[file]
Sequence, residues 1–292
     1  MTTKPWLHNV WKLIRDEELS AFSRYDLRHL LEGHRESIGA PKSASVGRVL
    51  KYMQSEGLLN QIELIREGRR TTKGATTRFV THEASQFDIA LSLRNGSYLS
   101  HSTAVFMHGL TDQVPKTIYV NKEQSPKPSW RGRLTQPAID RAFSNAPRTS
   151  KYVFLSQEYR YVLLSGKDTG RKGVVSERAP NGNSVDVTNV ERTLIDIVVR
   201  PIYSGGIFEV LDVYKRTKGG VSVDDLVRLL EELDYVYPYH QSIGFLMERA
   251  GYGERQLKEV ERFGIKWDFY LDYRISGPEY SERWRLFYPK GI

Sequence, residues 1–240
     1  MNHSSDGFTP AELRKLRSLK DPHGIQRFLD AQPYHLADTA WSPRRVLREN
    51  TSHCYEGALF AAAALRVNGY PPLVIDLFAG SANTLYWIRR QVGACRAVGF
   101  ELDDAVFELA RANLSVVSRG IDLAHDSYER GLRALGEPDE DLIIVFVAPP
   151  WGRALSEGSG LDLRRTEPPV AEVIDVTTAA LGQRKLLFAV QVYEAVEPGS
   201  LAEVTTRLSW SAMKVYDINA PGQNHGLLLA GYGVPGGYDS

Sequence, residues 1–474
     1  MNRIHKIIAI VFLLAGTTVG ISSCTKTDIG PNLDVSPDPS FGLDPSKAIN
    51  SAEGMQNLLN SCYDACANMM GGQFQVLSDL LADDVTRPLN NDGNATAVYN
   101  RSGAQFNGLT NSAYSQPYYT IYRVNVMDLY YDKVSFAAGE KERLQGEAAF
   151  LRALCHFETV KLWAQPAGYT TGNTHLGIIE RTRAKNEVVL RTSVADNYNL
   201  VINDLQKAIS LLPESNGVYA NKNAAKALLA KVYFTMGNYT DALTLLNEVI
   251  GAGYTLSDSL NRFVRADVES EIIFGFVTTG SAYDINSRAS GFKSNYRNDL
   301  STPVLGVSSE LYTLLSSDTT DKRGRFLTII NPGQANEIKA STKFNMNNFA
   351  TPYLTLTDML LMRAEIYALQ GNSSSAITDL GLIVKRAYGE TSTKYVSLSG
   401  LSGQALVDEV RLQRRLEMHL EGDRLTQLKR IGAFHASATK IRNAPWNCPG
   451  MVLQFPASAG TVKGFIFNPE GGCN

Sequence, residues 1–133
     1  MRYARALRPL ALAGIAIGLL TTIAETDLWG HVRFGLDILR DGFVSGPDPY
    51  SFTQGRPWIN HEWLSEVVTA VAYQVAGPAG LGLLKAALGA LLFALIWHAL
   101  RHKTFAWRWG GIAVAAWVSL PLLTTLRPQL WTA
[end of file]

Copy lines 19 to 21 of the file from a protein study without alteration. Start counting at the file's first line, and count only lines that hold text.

   201  VINDLQKAIS LLPESNGVYA NKNAAKALLA KVYFTMGNYT DALTLLNEVI
   251  GAGYTLSDSL NRFVRADVES EIIFGFVTTG SAYDINSRAS GFKSNYRNDL
   301  STPVLGVSSE LYTLLSSDTT DKRGRFLTII NPGQANEIKA STKFNMNNFA